The displacement of electrical current from the center of a wire to its surface is called the skin effect. This phenomenon occurs in conductors that carry alternating current. The skin effect depends on the frequency of the alternating current. When the frequency of the alternating current increases, then the concentration of current on the surface of the conductor also increases. Therefore, high frequency alternating currents displace or “push” the majority of the current to the surface. In such cases, the current density in the center of the conductor is lower than on its surface. The penetration depth δ can be described with the following formula:
ω angular frequency
μ sheared effective permeability (e.g.: 100)
The penetration depth is measured from the outer diameter to the center of the conductor and for a frequency of 50 Hz the penetration depth is approximately 10.4 mm, at 10 kHz 0.73 mm and at 100 kHz 0.23 mm. From these calculations, it is evident that the skin effect reduces the area through which the current flows, and consequently, the resistance seen by the current flowing through this smaller area rises. Higher resistance means higher energy losses. By using high frequency wire strands in the transmission and receiver coils, the energy losses from the skin effect can be significantly reduced. High frequency wires consist of thin wires braided in groups of two or more wires. Each of the wires in the group carries a portion of the total current. This helps minimize the skin effect, and hence, more energy can be used effectively.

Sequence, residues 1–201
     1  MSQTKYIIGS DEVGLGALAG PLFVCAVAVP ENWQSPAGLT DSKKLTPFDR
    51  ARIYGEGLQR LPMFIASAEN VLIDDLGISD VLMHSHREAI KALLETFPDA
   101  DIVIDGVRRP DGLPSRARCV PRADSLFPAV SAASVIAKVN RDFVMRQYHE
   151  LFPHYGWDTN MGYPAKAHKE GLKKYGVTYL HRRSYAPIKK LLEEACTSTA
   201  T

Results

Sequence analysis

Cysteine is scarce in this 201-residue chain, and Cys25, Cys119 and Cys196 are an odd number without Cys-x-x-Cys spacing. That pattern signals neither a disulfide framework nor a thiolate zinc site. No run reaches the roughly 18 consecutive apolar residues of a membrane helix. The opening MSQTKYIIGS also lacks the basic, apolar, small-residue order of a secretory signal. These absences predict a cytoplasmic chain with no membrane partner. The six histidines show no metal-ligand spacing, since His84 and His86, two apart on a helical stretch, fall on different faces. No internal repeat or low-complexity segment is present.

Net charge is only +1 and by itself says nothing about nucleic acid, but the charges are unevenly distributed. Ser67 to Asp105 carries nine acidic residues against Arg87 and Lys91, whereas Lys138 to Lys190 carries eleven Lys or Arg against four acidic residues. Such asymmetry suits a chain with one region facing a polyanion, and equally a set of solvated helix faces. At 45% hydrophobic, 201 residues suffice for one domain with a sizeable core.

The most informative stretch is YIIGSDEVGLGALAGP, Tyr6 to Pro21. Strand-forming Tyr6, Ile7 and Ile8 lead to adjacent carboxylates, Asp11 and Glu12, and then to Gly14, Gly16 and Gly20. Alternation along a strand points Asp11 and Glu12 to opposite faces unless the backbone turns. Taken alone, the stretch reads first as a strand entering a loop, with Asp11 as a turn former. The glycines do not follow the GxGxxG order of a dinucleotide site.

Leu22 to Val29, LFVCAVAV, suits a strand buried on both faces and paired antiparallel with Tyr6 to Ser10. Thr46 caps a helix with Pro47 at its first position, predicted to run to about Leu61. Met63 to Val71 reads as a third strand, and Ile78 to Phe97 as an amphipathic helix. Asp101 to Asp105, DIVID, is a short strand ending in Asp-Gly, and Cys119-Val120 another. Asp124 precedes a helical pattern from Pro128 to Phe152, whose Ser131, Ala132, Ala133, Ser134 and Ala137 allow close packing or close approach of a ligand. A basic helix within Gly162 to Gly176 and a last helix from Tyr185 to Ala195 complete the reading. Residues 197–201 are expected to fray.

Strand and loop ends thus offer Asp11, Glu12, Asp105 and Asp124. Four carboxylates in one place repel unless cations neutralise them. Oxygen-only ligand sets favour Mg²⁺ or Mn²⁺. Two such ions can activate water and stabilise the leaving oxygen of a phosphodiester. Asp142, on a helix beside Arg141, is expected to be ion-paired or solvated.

11. Proximity Effect
Another factor that influences the energy losses in the coils is the proximity effect. The proximity effect causes current constriction or current displacement in closely spaced conductors as a result of the magnetic flux leakage in each of the conductors. Wire strand configuration, winding technology and the structure of wire insulation can reduce unwanted eddy currents in the coils.
12. Loss Factor
Wireless energy transmission is limited by the loss factor in the system. The loss factor λ is defined as
This ratio expresses the total loss of energy to the transmitted quantity of energy. The main goal is to minimize the loss factor in the system as much as possible. If the transmitter and receiver coil configuration is optimized, a minimal loss factor can be achieved. However, the loss factor is still inherently affected by the quality factor and coupling factor of the system as a whole.
The equation shows that the product of quality factor and coupling factor can be taken as the system quality factor (figure of merit, FOM). Deterioration of the loss factor, e.g. due to a poor coupling factor, can be compensated by raising the quality factor of the coils. (Fig. 5)